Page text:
CROSS-REFERENCE TO RELATED APPLICATION
The present application is based on and claims the benefit of U.S. Provisional Patent Application No. 61/666,494, filed Jun. 29, 2012, the content of which is hereby incorporated by reference in its entirety.
Individuals and businesses are increasingly reliant on Software as a Service (SaaS)/Cloud-based services for critical aspects of their operational infrastructure. For example, a company's sales and marketing data may be stored and managed with a Salesforce service/storage, documents may be stored in a Dropbox storage, and the company calendar might be managed in a Google™ Apps Calendar.
It is important for companies who are cloud clients to consolidate their storage and have a more global vision on what it stored out there in the cloud. Data that is stored in the cloud needs to be indexed in order to be searched.
Existing indexing and crawling engine solutions are based on a time-based frequency to crawl through and retrieve data and document materials. This time-based frequency is a fixed value of regular time duration (or an interval), e.g., five seconds, five minutes, five hours, etc. Indexing tasks are scheduled for repeated execution at the regular time interval.
Most of the search engine or data warehousing services use indexing to collect and store data for informal information retrieval, such as for a query. The typical technique is to perform indexing at a predetermined time interval (FIG. 1) because there may be a required time needed for processing data, such as document parsing, metadata extraction, cleansing, compression, and/or maintenance. Thus, as is illustrated in FIG. 1, at time T1, a first indexing is performed. Various data updates occur in the system and a second indexing update is performed at time T2, which is an interval t(t1) after time T1. Subsequently, no further document updates occur, but another indexing takes place at time T3, which uses the same interval t(T1) after time T2 that was used between times T1 and T2.
Although it is known to cache data with periodic prefetching or prebuffering of data for an application based on a user's interactions with preexisting database content, such systems use only a limited set of criteria for determining the caching intervals. However, these types of systems do not take into account aspects of an enterprise in which user data creation is prevalent and various restrictions of the SaaS services and usage patterns (both individual and group) must be taken into consideration.
As an enterprise's infrastructure becomes fragmented, employees and administrators have the need for a unified search capability which provides an aggregated view across the enterprise's content that takes into account usage patterns, technical restrictions, as well as business restrictions.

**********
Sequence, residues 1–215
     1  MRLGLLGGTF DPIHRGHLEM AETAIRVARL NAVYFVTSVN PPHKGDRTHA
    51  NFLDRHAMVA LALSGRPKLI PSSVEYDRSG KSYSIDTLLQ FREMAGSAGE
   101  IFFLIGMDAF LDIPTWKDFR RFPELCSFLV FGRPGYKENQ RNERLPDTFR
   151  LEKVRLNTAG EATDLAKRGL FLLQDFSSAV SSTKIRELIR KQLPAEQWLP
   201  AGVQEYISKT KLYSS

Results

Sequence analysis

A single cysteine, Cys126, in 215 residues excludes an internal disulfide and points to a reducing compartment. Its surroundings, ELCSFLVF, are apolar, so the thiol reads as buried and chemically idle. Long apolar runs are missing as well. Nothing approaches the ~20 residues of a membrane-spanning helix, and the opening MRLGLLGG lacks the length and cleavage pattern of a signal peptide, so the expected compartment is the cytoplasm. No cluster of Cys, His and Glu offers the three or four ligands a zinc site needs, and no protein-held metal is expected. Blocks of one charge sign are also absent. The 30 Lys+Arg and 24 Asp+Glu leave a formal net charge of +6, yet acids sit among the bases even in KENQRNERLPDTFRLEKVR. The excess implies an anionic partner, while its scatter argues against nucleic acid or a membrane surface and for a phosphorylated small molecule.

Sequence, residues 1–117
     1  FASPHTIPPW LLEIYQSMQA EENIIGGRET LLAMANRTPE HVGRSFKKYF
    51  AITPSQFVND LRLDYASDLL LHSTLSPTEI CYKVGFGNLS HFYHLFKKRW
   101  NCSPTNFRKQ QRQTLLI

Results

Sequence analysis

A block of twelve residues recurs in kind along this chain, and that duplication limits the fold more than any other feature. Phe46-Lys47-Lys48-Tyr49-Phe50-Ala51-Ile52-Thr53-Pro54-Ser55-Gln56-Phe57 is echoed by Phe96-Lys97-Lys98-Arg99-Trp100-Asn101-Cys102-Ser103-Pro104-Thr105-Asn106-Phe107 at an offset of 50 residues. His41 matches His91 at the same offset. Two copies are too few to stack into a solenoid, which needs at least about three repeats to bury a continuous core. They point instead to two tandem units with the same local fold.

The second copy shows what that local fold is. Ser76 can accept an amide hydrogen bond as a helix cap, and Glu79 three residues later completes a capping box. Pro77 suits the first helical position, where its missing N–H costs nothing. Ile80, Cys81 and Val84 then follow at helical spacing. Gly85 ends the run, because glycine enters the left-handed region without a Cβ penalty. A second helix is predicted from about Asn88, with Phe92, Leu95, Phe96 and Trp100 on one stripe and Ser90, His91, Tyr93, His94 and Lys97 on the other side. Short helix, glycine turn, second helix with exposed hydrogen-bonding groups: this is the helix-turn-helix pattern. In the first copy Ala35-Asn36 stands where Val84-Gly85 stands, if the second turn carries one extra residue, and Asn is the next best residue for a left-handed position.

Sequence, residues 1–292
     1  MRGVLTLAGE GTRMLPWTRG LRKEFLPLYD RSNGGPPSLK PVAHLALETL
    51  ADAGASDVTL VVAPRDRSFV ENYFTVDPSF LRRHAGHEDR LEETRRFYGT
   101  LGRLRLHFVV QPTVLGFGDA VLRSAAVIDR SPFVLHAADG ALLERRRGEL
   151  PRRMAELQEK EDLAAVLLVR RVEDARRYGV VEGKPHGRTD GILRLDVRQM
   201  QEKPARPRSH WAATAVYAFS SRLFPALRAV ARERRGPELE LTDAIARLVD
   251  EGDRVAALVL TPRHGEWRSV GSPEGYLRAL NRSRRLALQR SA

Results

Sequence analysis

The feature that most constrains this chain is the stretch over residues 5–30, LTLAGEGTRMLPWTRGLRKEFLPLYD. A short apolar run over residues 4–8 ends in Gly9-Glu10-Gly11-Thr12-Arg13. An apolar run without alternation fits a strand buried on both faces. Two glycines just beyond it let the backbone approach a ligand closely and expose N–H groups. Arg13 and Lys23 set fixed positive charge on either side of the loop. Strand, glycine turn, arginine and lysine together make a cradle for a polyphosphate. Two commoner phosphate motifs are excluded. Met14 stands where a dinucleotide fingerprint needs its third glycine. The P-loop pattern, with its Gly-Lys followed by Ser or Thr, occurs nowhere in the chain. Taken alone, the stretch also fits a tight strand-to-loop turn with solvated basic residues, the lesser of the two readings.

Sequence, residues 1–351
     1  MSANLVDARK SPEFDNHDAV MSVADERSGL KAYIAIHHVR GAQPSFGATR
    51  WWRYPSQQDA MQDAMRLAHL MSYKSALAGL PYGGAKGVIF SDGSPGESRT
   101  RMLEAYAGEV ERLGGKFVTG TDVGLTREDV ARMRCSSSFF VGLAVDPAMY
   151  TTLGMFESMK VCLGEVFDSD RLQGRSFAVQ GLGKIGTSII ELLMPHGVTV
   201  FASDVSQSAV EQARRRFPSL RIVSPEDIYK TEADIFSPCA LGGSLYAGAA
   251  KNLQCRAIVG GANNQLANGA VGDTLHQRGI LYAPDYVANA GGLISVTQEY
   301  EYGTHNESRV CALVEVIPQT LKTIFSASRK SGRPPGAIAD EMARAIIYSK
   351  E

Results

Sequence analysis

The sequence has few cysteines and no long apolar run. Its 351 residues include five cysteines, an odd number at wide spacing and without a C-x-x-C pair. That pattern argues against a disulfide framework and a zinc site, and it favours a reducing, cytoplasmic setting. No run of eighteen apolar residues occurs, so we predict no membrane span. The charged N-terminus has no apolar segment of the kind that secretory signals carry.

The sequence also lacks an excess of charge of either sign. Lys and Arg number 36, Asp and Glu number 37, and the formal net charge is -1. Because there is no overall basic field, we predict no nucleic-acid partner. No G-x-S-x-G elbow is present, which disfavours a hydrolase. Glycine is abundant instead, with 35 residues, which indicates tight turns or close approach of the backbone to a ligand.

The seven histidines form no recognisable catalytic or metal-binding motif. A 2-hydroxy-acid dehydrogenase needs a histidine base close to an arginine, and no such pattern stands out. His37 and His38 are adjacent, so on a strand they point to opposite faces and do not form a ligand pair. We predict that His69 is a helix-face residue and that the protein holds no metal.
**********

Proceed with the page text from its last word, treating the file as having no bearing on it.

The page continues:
In order to more efficiently utilize resources in an indexing operation across an enterprise's data, a method is provided for operating an indexing engine that parses and indexes data created by a set of users associated with a business entity on a database while interacting with a service associated to the database, the method comprising: monitoring the users' interactions with the database related to a creation of new data by one or more of the users over a predefined period of time when using the service; monitoring service availability during these interactions over the same predefined period of time; and changing an indexing frequency based on both parameters associated with the monitoring of the users' interactions and the service usage conditions (including, but not restricted to, API-request limits, cost restrictions, and content-access restrictions).
A method is also provided for operating an indexing engine that parses and indexes data created by a set of users associated with a business entity or enterprise on a database while interacting with a service associated to the database, the method comprising: monitoring the users' interactions with the database when using the service; and changing an existing indexing frequency based on parameters associated with: a) the monitoring of the users' interactions; b) an attribute selected from the group consisting of: a number of retrieval requests, a number of API requests, and access times; and c) an attribute selected from the group consisting of: a cost associated with a data request, a cost associated with a user account, and a cost associated with using or accessing a system resource.